If they just do it at historic rates, then we should see an increase in the very young child population in the City this decade. If they do it at lower than historic rates, that very young child population will increase at a bit faster rate.

Sunday, July 31, 2011 11:18:00 AM  
Anonymous DBR96A said...

The growth of the non-student population ages 20 to 34 is zero at worst. That's better than moderately negative like it was in the 1990's, and definitely better than peer cities like Buffalo, Cleveland and Detroit. It might even be better than Cincinnati, Milwaukee and St. Louis, to boot.

Sure, it's not as good as peer cities that a) are state capitals and/or b) never had a heavy manufacturing presence, but it's coming out ahead of most, if not all, peer cities that used to have a heavy manufacturing presence.

Sunday, July 31, 2011 2:03:00 PM  
Blogger Bram Reichbaum said...

Sounds like another positive data point, but not one particularly incandescent.

The incandescence seems comes from certain ideas influenced by Creative Classs theory. What it makes me ruminate upon is, I feel like there's always been some confusion between "age X to Y" and "creative", and always, that there's some confusion between "creative" and "artsy". The census news and the debate here would make for a decent challenge to whomever kids are passing through here at a given point in time, "Okay, prove the haters wrong, now everyone hold hands in a circle and click your heals three times, and shout, "Critical Mass Creative Attain!". Also we could accept the stats for what they are and market the city as a great place to date and mate if you're in a certain age group, what with all the college students flocking through it. That's an appropriate pitch for throwing in the insane property value.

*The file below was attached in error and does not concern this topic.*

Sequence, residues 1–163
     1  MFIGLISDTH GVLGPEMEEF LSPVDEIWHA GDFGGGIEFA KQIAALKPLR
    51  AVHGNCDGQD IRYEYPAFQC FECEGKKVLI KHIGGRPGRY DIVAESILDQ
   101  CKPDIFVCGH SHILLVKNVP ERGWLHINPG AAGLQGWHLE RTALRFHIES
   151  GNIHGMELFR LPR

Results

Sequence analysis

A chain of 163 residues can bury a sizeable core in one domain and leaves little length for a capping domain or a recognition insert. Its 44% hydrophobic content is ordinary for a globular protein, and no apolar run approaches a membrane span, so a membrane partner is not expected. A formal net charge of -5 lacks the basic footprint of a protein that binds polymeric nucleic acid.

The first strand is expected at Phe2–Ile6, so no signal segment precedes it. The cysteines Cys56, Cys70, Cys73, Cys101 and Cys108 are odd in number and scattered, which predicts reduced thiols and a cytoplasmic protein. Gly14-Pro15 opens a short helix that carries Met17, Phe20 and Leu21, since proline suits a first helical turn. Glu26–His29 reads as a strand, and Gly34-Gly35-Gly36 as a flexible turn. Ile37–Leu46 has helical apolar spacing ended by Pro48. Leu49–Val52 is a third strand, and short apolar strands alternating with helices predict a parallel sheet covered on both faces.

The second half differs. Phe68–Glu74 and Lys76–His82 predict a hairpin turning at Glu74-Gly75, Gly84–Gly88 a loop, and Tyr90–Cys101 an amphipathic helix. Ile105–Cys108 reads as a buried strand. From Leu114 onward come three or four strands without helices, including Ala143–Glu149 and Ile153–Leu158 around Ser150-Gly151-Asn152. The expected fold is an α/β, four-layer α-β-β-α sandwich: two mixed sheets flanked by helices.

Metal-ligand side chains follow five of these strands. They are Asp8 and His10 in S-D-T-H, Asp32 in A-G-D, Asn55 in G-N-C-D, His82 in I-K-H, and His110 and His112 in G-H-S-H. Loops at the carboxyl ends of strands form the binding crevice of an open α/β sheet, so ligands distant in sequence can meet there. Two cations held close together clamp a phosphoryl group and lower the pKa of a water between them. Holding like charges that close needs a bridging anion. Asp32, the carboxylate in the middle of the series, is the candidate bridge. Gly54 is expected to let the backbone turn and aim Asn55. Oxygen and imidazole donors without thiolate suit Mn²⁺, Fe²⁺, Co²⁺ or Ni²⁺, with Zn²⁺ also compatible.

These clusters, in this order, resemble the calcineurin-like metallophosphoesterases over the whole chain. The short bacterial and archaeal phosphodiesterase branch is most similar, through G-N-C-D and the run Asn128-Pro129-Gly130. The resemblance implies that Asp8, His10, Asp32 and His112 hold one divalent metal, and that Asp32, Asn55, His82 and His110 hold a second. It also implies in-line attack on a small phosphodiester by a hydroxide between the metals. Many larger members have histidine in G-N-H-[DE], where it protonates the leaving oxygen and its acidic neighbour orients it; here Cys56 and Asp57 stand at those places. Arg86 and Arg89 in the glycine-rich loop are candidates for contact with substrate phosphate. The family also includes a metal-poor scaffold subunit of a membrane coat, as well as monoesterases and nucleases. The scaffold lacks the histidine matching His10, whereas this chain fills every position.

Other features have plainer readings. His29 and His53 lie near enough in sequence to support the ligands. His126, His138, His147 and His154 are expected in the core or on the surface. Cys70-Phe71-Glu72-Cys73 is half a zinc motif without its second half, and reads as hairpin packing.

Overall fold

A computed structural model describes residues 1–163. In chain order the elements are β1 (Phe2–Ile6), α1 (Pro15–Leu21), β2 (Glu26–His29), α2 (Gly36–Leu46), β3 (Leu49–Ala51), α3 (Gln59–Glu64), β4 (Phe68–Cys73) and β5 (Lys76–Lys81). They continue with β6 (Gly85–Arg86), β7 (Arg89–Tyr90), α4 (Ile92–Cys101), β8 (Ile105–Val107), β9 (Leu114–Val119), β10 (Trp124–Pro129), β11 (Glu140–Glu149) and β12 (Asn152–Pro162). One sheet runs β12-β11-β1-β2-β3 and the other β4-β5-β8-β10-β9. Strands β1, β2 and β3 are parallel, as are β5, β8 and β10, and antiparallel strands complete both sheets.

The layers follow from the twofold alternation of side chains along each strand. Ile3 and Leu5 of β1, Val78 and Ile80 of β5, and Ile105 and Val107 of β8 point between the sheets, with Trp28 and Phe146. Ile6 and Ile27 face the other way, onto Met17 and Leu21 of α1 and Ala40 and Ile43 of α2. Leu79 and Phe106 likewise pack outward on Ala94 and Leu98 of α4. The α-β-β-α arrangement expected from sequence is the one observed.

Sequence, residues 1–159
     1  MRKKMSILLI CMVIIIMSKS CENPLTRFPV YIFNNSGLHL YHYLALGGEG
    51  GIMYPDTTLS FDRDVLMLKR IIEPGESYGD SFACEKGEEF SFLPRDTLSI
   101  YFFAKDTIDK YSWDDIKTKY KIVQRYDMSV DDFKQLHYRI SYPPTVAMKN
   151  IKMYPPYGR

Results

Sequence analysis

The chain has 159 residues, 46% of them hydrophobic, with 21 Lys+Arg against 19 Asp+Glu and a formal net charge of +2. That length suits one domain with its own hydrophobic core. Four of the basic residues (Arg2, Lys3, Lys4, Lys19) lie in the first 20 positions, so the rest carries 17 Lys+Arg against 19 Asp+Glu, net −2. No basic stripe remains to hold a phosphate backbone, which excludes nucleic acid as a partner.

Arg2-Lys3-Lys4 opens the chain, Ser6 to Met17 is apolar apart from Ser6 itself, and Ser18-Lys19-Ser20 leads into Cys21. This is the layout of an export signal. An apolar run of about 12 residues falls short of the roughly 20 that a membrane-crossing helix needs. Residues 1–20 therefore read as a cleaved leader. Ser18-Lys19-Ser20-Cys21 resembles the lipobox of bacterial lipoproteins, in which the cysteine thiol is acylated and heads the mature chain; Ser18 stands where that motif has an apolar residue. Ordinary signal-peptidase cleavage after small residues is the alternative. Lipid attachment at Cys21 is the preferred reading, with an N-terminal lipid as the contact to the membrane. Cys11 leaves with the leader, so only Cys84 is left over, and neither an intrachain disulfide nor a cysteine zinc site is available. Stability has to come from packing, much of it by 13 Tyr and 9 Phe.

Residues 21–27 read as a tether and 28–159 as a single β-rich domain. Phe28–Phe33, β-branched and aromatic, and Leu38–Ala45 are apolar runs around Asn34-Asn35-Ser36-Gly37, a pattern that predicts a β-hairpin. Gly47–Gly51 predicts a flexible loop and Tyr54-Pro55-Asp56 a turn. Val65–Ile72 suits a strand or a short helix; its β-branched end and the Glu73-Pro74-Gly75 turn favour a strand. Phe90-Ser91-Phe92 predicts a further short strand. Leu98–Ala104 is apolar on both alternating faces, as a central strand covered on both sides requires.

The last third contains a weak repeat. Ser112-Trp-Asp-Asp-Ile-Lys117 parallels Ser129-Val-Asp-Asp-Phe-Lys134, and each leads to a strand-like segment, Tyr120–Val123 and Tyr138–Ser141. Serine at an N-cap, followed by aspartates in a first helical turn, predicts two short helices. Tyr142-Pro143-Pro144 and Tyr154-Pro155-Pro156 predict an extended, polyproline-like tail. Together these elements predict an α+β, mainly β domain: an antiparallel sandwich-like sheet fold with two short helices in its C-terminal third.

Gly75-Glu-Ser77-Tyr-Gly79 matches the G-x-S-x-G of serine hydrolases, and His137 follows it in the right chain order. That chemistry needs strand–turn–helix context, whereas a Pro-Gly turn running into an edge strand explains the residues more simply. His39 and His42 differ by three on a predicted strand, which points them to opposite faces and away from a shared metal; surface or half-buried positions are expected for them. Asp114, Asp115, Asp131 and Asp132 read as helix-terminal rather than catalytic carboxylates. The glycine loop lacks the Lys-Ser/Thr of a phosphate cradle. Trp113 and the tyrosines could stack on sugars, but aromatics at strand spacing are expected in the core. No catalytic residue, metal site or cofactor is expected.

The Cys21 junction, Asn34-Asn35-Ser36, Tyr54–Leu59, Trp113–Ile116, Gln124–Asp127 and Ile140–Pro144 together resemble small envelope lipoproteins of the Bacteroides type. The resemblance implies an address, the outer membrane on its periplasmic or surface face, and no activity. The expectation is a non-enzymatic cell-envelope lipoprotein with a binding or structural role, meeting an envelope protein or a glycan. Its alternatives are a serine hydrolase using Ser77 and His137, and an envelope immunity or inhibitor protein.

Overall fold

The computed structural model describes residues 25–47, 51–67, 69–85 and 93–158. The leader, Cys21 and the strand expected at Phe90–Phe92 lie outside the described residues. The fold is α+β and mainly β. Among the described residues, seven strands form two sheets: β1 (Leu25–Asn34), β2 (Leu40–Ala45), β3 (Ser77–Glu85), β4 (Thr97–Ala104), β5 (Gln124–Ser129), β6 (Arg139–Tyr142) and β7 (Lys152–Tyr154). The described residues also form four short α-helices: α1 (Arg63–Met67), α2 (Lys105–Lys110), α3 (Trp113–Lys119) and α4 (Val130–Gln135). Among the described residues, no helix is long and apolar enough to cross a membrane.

Sunday, July 31, 2011 2:53:00 PM  
Anonymous MSL said...

This is the future of Pittsburgh. A giant college town where people come to go to school and maybe spend a few years afterwards partying on mom and dad's dollar before they get a real job, start a family, and move out. When the higher ed bubble pops--which it will sooner or later--it's going to be like the 80's all over again.

Sunday, July 31, 2011 3:29:00 PM  
Anonymous MH said...

..that there's some confusion between "creative" and "artsy".

That there is. I'm fairly certain I count as part of the "creative class" and I regard art like dog crap on the sidewalk. You may as well accept that you're going to be exposed to some, but there's no reason to be happy about it.

Sunday, July 31, 2011 3:55:00 PM  
Anonymous MH said...

Topically, I'll just add that My Little Outback seems to have a good crowd but most seem to be suburbanites.

Sunday, July 31, 2011 5:35:00 PM  
Blogger C. Briem said...

You know.. in addition to the larger number of students you need to start with there is another factor. While most students are single, not all are and expecially when you talk about our large graduate student population you need to add in trailing spouses and even some children which add up. Those are clearly part of an itinerant population you have to think about separately when you are doing population forecasting.